Sean P. Means: Black Friday's luster is starting to dim
This is an archived article that was published on sltrib.com in 2012, and information in the article may be outdated. It is provided only for personal research purposes and may not be reprinted.

For many people, the ritual of Black Friday — rising early on the day after Thanksgiving to track down Christmas sale bargains — is a tradition as honored as eating turkey and watching football the day before.

But what's usually marked as the start of the holiday shopping season is starting to fade in importance, as businesses aren't waiting for Thanksgiving to start the Christmas marketing blitz.

"We've always kicked off our holiday shopping the week before Thanksgiving," said McKell Law, marketing director for The Shops at Riverwoods, a Provo shopping center that's been getting an early start on the season since it opened in 1998.

This year, though, The Shops are not alone. In downtown Salt Lake City, City Creek Center started its first Christmas season on Nov. 15, a full week before Thanksgiving, with Santa Claus and the return of the candy windows to the Macy's (formerly ZCMI) storefront. Meanwhile, City Creek's competition to the west, The Gateway, launched the season on Nov. 17, with musician Kurt Bestor and the introduction of a light show synchronized to the Olympic Legacy Fountain.

"Black Friday gets so crazy," Law said, adding that the early opening is better suited for the Riverwoods' family-friendly environment.

Nationally, the big-box stores are jumping the gun on Black Friday, too — and not just by tossing out the Halloween leftovers and stocking the seasonal aisles with Christmas stuff on Nov. 1.

Walmart, Target, ShopKo, Sears and Kmart all scheduled "Black Thursday" sales on the evening of Thanksgiving, while many people still will be in a post-turkey coma. But that's not alleviating the Black Friday madness so much as rescheduling it a few hours earlier.

Some shoppers "are almost scared of Black Friday," said Kyle Aldous, marketing director of Blickenstaff's, a toy-and-candy store at Riverwoods and, for the first time this year, The Gateway.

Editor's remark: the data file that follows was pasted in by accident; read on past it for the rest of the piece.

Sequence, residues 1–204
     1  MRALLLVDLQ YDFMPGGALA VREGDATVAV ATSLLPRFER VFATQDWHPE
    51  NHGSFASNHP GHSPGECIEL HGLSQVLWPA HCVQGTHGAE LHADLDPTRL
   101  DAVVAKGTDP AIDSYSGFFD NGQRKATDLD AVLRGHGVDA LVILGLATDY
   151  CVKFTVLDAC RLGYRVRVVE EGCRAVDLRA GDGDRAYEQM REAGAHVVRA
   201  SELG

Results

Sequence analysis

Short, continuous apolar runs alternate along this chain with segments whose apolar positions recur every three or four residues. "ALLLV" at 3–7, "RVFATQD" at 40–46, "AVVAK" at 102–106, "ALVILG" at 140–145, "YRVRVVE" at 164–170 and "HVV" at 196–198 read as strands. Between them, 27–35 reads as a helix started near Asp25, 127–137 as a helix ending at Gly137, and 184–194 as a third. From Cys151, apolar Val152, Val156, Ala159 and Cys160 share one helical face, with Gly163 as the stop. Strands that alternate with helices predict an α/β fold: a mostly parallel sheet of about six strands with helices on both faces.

Blickenstaff's offers an alternative: It gives tickets to customers to let them in the store before and after normal hours the week of Thanksgiving, giving them access to the store's Black Friday prices a few days early.

"We wanted to do something for the customers and make them feel like they can get the Black Friday deals and not get involved in the chaos," Aldous said.

It's not just retailers who have to decide when to start celebrating Christmas.

Salt Lake City radio station KOSY 106.5 FM was the first in the market to start playing wall-to-wall Christmas music. The station launched on Nov. 2, more than a week ahead of rival KSFI, known as FM 100.

"The emails and calls start, honestly, in mid-October: 'When are you going to switch to Christmas music?' " said Jeff Cochran, KOSY's operations manager, adding that some listeners have told him they stay up 'til midnight on Halloween in hopes they'll go from "Monster Mash" to "Rudolph the Red-Nosed Reindeer" in an instant.

The feeling isn't unanimous. "There are people who love it, and some who hate it," Cochran said. "Those that don't like it, it's funny how mean-spirited some of the notes are."

But there's money to be made in the holiday spirit. Cochran reports that KOSY's ratings more than double in November and December. "It just explodes," he said.

Likewise, Aldous said toy stores like Blickenstaff's rely heavily on the Christmas season. "Literally everyone [among toy retailers] runs negative, runs in the red all year until the last six weeks of the year," he said.

But "the most wonderful time of the year," as Andy Williams, may he rest in peace, sang, has its limits.

"It's the risk you run [starting too early]. A lot of people don't want to think about [Christmas] until after Thanksgiving," Aldous said. "You want to wait until you get through this holiday, and then think about the next one."

At KOSY, the start date for Christmas carols wavers a bit, but there is one firm line: Nov. 1.

"I can't see us playing Christmas music on Halloween," Cochran said.

There's also a firm end date: Dec. 26, Boxing Day. By then, Cochran said, people are ready to be done with Christmas. "Every Christmas song — or at least most of them — is about anticipation," he said. (He's right: After all, It's "Santa Claus Is Coming to Town," not "Santa Claus Has Just Been to Town.")

If you are feeling the added pressure of an extended holiday season — either by the extra days of Christmas merchandise on the shelves, or the guilt trip that your purchases will somehow rescue the economy — take heart in one signature event that's free and doesn't happen until after Thanksgiving: The lights at Temple Square will be switched on Friday, Nov. 23, around dusk.

Sean P. Meanswrites The Cricket in daily blog form at www.sltrib.com/blogs/moviecricket. Follow him on Twitter @moviecricket, and on Facebook at www.facebook.com/seanpmeans. Email him at spmeans@sltrib.com.